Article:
We’d like to thank everyone who’s provided feedback or questions on the Guardian Cub announcement and how allowing it to be traded relates to our stance against gold selling. Our hope today is to discuss our desire for a more secure and enjoyable game environment, and provide some clarity on how the Guardian Cub fits into that goal in its own small way.
To begin with, we need to reiterate what we know are the facts of third-party gold sales, and how they impact World of Warcraft players. We've been hard at work for years now thwarting gold farming tactics, and we know that only a very small percentage of gold is actually "farmed" these days. The vast majority of gold that third parties sell to players is obtained through account compromises. Your friend, guild mate, or family member who had their account hacked was specifically targeted for their gold so that it could be turned around and sold to another player looking to buy some. Having your account compromised is one of the most negative experiences a player can have, and dealing with hacked accounts makes up a significant portion of customer support time on a day-to-day basis. These issues have serious and far-reaching consequences on our ability to continue delivering epic game experiences and high-quality support for our players.
We’ve gone to great lengths to educate, inform, and provide increased account security for players through devices like the mobile and physical Battle.net Authenticator. We provide fun incentives for people to use those devices, and we continue to increase our efforts to educate players, block countless phishing and scamming attempts, improve our detection methods to stop account compromises before they begin, and take a harsher stance on third-party gold buying itself.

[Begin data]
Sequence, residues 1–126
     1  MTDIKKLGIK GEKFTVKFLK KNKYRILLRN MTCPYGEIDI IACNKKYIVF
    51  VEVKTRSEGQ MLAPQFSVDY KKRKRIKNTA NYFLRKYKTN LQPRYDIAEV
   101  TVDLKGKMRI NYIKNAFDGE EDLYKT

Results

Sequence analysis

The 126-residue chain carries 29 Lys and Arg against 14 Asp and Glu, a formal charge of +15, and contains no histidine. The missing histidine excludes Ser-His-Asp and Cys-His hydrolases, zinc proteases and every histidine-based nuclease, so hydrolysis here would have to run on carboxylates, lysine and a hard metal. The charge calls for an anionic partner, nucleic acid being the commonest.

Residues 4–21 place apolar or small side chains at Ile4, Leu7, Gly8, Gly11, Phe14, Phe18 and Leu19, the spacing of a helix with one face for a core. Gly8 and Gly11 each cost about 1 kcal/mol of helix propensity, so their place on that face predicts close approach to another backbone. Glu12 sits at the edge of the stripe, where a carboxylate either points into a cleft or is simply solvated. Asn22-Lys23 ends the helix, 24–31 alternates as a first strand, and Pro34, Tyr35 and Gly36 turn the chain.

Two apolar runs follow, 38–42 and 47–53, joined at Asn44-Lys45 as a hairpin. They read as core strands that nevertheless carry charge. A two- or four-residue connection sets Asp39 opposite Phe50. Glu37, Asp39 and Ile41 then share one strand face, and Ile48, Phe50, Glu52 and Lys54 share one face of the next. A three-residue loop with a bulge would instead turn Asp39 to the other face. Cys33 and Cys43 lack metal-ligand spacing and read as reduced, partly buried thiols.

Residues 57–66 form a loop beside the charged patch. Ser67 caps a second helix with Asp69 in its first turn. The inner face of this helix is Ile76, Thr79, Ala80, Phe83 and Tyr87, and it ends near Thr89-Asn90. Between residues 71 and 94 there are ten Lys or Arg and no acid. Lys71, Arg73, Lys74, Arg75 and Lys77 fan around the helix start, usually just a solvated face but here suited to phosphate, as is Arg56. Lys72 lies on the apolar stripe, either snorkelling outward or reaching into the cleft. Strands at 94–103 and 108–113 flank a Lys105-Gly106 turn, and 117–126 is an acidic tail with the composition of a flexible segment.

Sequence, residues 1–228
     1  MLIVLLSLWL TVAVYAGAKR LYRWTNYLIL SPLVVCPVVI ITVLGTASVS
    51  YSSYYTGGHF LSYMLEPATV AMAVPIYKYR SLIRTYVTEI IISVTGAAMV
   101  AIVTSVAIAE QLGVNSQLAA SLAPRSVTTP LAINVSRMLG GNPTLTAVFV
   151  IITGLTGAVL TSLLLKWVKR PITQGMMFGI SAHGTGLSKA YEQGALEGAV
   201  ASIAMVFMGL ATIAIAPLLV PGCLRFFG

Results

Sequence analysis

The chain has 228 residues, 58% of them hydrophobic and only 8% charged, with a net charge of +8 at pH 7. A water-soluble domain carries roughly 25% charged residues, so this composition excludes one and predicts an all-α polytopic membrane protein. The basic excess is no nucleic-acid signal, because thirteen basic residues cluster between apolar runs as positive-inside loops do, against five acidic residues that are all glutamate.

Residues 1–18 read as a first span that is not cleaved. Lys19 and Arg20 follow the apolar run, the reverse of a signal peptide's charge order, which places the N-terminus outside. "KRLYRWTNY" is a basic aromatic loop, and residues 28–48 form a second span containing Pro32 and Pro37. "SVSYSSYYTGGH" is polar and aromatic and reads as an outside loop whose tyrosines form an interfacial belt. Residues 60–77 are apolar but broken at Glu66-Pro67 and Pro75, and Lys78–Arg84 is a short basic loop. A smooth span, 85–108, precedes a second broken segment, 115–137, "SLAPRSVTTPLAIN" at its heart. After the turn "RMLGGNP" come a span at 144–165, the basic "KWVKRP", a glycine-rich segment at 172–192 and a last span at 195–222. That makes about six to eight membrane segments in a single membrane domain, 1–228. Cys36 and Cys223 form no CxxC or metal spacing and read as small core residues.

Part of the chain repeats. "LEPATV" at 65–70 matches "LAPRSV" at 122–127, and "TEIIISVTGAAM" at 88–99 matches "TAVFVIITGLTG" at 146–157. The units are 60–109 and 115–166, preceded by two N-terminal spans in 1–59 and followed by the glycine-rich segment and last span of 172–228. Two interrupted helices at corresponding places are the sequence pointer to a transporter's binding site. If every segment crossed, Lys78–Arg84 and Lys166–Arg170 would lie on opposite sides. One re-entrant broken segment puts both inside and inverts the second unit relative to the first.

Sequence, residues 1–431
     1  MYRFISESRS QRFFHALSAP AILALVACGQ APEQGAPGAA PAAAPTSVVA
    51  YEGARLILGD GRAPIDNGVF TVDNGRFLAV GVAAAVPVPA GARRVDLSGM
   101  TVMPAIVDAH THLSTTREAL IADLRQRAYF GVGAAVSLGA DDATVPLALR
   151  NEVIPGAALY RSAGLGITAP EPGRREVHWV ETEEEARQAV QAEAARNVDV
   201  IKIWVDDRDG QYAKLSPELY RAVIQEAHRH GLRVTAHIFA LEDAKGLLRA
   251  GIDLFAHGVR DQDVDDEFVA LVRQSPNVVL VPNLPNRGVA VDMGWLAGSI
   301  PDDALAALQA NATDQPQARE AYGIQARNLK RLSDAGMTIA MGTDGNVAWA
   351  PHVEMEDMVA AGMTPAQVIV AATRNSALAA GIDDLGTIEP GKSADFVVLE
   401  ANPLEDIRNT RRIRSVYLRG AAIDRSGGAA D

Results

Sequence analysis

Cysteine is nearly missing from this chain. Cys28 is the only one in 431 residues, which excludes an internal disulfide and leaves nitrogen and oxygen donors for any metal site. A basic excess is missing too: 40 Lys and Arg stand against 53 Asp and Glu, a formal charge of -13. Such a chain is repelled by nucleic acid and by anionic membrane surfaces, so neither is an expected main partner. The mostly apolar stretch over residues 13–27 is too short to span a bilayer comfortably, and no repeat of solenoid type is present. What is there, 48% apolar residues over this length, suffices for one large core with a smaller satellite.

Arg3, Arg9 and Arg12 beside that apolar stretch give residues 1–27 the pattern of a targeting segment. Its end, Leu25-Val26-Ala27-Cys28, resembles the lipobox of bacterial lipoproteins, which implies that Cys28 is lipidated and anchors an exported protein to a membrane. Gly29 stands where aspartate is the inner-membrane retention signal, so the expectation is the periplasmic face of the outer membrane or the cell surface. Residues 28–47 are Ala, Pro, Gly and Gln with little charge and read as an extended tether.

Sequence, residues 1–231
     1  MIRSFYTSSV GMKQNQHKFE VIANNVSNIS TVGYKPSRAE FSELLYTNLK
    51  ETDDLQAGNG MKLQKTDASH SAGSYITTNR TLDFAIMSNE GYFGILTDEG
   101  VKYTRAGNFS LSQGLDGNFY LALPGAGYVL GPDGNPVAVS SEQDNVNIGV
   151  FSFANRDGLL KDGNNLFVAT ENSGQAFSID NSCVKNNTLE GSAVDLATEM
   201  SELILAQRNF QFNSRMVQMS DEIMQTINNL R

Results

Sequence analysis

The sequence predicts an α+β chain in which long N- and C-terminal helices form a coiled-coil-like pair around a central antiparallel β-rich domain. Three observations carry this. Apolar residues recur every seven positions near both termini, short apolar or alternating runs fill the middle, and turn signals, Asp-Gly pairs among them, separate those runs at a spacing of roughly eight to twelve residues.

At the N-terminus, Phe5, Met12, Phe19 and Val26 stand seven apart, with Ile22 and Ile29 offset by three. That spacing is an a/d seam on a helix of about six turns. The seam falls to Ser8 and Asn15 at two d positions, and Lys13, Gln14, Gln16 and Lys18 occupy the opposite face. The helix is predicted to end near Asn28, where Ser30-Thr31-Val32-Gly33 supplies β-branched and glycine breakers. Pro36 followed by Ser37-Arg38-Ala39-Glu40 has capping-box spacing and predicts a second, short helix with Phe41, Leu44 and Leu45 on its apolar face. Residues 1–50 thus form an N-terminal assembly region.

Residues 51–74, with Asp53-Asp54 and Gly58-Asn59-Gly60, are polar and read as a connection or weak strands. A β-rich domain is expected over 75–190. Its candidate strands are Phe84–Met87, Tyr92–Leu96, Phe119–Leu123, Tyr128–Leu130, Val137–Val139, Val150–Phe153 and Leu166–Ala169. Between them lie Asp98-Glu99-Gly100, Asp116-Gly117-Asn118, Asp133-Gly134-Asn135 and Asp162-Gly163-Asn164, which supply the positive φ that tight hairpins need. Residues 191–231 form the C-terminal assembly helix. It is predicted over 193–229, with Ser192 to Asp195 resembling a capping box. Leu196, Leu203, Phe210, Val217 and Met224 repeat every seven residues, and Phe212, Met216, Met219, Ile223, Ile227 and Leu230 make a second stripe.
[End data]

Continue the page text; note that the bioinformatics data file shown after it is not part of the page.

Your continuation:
With all that in mind, we come to the new tradable Guardian Cub pet. By letting players trade this pet, we’re giving those who want to participate in the Pet Store without spending real money a way to buy the pet with gold instead. This also means that players can buy one for the purpose of trying to sell it in-game, creating the potential for players to exchange real money for gold in a way that does not lead to account compromises. Of course, all that comes with the pretty important caveat that demand for the pet will be finite, and there’s no guarantee you’ll be able to find a buyer.
While this one little pet can never come close to “solving” the above issues with third-party gold selling and account compromises, it may help us determine whether we’re able address these ongoing problems in a safe, creative way that ultimately has a positive impact on the game experience overall. Our hope is that through all of our increased efforts we can make World of Warcraft a safer, more secure, and more enjoyable game for all of our players.